DOL Issues New Internal Guidance Regarding Sleep Time for Domestic Service Employees

Last week, the U.S. Department of Labor issued new guidance to its field staff to clarify the rules regarding when employers of domestic service employees may exclude sleep time from hours worked.

For sleep time to be excluded for live-in staff, the DOL requires:

  • A reasonable agreement: The employer and employee must have an agreement that “reflect[s] the realities” of the working arrangement, such as whether the employee is regularly able to sleep overnight. This agreement “should normally be in writing.”
  • Private Quarters in a home-like environment: Employees must generally be provided “a living and sleeping space that is separate from the person receiving services … and other employees.” However, what constitutes such a space depends on the relationship between the caregiver and the client and the nature of the site where services are provided. “A home-like environment” requires that employees have access to facilities for cooking and eating, a bathroom, and a space for recreation—though these facilities may be shared.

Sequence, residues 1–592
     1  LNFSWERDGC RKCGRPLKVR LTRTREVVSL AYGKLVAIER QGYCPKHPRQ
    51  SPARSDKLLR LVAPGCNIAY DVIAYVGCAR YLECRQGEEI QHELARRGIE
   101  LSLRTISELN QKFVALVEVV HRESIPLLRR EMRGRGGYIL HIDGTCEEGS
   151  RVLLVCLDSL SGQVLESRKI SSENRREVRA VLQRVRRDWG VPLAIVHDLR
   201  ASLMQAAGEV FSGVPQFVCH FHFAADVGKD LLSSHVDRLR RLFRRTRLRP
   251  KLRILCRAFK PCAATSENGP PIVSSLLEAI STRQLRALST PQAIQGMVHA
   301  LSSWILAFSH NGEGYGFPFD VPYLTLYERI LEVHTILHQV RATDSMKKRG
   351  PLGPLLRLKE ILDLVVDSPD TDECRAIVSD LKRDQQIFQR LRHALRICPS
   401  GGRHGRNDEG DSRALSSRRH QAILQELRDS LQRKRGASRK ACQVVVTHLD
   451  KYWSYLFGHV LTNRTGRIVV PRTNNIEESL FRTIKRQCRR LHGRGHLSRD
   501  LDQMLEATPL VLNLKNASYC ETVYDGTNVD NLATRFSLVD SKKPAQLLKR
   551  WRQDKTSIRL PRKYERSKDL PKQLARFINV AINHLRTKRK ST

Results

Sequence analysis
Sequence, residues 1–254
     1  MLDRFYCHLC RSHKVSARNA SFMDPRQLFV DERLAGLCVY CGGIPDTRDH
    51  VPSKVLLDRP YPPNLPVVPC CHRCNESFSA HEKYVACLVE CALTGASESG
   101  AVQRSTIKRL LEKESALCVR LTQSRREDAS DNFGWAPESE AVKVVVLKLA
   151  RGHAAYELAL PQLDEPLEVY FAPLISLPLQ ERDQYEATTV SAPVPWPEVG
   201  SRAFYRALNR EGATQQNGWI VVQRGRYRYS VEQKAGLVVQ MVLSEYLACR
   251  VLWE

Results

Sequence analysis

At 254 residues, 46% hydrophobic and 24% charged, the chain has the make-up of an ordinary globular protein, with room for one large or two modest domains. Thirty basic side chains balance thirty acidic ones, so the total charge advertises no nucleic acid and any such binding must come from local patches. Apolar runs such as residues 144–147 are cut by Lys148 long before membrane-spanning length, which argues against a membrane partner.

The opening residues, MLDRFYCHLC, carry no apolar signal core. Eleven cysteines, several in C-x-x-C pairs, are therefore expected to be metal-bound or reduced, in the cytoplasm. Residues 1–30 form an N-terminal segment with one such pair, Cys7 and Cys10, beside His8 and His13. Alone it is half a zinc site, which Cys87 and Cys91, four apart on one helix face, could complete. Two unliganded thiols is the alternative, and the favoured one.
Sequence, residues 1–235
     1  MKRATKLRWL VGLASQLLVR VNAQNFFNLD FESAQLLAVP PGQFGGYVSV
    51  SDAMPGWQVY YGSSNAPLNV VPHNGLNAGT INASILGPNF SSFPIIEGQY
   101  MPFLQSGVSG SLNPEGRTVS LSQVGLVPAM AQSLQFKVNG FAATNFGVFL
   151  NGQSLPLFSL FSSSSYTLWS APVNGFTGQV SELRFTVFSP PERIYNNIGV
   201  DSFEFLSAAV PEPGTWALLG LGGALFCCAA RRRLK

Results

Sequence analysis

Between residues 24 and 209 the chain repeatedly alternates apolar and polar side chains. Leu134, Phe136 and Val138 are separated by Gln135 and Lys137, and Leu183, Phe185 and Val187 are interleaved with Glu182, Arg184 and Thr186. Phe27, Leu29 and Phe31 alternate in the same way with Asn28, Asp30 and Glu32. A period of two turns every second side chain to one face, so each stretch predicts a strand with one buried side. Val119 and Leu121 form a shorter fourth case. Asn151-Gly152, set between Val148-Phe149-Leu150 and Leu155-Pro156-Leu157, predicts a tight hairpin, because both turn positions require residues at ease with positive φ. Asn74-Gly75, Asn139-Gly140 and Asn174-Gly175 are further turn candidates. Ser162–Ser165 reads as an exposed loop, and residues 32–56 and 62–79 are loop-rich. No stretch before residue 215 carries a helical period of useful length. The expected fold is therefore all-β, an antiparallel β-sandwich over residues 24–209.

To exclude sleep time for employees who are not living staff, but who work shifts of 24 hours or more, the DOL requires:

  • Adequate sleeping facilities: The adequacy of these facilities may vary depending on the context of the work, but in most circumstances, employees must have “access to basic sleeping amenities, such as bed and linens; reasonable standards of comfort; and basic bathroom and kitchen facilities (which may be shared).”
  • Employee must usually enjoy an uninterrupted night’s sleep: The employee must usually have least five consecutive hours of uninterrupted time during which they can sleep. An employee is “usually” provided five hours of uninterrupted time if job-related interruptions “occur less than half the time.”
  • An express or implied agreement: The employer and employee must have an agreement to exclude sleeping hours from time worked, but the existence of such an agreement may be inferred from the conduct of the parties.

If these requirements are met, employers may exclude a maximum of eight hours of sleep time in each 24-hour period worked, though additional limitations apply depending on the nature of the employee’s work arrangement.

Notwithstanding these rules, employees still must be compensated for all hours in which they actually perform duties, regardless of whether the work is performed during hours that would otherwise be considered sleeping time. Other limitations may apply.

Please contact an MSEC attorney if you have additional questions.